Plants of the Week – August 20

Plants of the Week – August 20


Curcuma, derived from the Arabic word kurkum, meaning turmeric, was first described by Linnaeus in 1753. Curcuma ‘Sulee Sunshine’ is a hybrid from Thailand developed for the cut flower industry. Otherworldly looking flowers, often referred to as cones, emerge in August and continue through October. Unlike other curcumas which hide their flowers amongst foliage, Curcuma ‘Sulee Sunshine’ bears leaves which natuarally fold away serving as a brilliant background to highlight the inflorescence. A specimen can be seen growing along the bluestone path near the Off-Campus Study Office in the Terry Shane Teaching Garden. Photo credit: J. Coceano


Pycnanthemum muticum always generates numerous questions at this time of year. Two masses growing under large Pinus nigra are cloaked in bloom and equally covered in a bevy of pollinators. A plethora of bees, wasps, and flies can be observed zipping from one flower to the next. Silvery bracts surround tiny flowers atop plants reaching 2 feet in height. Interestingly North Creek Nursery shares that P. muticum contains pulegone, the same insect repellent found in pennyroyal and can be rubbed on the skin to repel mosquitoes. Photo credit: J. Coceano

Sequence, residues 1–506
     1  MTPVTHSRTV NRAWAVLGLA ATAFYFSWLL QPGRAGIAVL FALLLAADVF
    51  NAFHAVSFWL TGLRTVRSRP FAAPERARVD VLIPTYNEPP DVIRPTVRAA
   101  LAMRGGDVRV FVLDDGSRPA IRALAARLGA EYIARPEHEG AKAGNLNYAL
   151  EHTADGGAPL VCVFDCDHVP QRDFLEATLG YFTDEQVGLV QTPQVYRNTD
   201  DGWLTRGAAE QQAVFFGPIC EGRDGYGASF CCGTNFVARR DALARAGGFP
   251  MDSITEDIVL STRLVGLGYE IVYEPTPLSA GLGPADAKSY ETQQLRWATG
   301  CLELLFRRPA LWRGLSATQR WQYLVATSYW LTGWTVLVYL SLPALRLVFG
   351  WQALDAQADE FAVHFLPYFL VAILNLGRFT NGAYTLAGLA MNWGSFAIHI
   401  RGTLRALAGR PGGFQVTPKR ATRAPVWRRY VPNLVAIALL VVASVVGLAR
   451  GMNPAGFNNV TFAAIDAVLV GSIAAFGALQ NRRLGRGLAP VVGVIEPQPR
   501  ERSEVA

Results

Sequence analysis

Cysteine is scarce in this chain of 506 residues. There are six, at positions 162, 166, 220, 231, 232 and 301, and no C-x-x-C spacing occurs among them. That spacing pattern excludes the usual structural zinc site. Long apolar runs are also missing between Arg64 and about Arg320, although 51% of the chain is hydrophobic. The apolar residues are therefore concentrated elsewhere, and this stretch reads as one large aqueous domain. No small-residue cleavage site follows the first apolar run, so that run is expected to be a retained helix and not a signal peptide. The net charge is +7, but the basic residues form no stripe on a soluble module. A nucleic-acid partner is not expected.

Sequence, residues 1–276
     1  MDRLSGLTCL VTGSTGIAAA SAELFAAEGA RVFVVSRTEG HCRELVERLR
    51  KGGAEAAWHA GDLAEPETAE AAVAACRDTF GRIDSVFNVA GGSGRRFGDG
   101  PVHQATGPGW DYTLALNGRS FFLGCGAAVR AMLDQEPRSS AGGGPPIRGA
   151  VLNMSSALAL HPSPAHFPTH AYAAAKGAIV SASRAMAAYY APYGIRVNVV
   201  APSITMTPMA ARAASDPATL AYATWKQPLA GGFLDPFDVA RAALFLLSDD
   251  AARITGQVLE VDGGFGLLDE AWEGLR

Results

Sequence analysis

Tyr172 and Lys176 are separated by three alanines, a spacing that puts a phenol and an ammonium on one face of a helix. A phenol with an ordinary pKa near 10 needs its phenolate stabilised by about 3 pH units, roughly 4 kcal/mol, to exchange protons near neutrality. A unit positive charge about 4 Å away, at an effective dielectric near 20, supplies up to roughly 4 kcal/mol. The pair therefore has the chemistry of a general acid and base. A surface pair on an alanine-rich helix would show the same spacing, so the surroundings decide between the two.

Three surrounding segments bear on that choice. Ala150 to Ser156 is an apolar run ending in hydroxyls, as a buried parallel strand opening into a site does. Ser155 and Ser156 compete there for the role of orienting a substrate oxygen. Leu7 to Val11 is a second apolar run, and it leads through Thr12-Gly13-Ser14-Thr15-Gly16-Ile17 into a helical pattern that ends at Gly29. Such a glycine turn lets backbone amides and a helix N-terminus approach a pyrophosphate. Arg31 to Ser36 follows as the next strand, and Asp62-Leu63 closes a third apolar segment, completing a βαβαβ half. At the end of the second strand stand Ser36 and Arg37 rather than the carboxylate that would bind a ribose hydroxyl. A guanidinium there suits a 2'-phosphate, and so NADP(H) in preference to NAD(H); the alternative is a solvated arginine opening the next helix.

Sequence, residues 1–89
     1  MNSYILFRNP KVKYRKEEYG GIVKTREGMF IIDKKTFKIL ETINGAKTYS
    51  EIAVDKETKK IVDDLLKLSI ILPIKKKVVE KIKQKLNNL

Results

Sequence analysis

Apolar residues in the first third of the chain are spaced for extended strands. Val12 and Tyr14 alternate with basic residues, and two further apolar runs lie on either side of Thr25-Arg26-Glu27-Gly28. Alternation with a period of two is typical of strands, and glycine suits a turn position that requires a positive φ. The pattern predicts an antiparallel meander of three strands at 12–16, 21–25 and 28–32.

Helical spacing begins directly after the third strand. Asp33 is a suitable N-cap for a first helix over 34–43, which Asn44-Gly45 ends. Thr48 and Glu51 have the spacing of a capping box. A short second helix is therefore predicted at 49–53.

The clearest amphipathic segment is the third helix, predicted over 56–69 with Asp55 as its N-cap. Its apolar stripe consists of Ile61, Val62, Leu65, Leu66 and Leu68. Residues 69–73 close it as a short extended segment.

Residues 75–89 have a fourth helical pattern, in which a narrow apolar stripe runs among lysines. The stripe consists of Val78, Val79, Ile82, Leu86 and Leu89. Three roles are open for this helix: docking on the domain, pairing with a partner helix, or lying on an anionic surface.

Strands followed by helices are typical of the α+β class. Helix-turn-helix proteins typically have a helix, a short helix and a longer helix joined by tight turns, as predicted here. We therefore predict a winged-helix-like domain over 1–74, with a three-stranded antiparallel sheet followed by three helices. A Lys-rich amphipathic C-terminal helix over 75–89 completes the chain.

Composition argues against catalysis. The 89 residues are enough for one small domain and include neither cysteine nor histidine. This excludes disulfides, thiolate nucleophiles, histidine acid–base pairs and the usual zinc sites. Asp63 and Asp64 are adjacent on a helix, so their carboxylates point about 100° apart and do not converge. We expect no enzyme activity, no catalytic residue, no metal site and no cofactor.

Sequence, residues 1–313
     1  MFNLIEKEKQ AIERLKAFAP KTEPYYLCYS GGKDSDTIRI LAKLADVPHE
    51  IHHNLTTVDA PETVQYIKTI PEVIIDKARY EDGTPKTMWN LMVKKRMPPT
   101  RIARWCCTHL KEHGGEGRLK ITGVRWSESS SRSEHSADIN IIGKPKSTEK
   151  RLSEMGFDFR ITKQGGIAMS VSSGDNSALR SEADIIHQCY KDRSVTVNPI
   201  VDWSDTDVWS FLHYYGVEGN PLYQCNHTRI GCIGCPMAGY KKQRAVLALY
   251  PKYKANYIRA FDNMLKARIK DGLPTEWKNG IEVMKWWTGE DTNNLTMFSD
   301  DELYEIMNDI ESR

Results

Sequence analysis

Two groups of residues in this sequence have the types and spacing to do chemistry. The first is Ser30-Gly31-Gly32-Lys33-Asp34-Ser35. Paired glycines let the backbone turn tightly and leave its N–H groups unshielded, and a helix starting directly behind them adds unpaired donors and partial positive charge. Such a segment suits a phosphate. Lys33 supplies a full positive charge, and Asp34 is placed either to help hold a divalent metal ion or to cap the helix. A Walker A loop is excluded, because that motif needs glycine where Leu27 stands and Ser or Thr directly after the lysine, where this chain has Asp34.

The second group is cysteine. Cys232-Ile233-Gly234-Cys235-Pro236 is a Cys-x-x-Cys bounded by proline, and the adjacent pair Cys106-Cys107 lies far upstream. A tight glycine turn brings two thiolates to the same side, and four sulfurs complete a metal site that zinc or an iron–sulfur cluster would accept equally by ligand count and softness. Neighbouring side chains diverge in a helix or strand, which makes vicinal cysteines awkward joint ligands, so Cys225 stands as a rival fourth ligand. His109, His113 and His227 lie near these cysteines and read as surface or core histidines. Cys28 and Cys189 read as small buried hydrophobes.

With a casual glance one would likely never realize that Acer carpinifolium is indeed a maple. The hornbean maple, a native of Japan, has leaves more akin to Carpinus carolinana than Acer. Samaras, the distinct winged seeds, are the only indication of its true identity. Trees typically grow 20-25’ tall and are vase-shaped with a rounded profile. Bright yellow fall color develops as the days shorten. Photo credit: J. Coceano


The family Rutaceae is typically known for its tropical and Mediterranean members, particularly those in the Citrus genus: oranges, lemons, limes, and kumquats to name a few. There are several lesser known members that have shown promise, successfully overwintering in the greater Philadelphia area including Orixa japonica ‘Pearl Frost’. This deciduous shrub can reach upwards of 10’ in height sporting eye-catching variegated foliage. The leaves remain bright and clean throughout the summer months, never fading. Partially shaded areas make ideal growing conditions and allow the leaves to provide illumination. Photo credit: J. Coceano

Josh Coceano
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